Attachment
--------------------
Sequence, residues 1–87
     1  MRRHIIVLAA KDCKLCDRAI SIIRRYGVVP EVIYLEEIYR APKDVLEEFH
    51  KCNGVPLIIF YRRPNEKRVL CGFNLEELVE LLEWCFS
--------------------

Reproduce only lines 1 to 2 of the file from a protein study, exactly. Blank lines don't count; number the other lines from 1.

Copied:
Sequence, residues 1–87
     1  MRRHIIVLAA KDCKLCDRAI SIIRRYGVVP EVIYLEEIYR APKDVLEEFH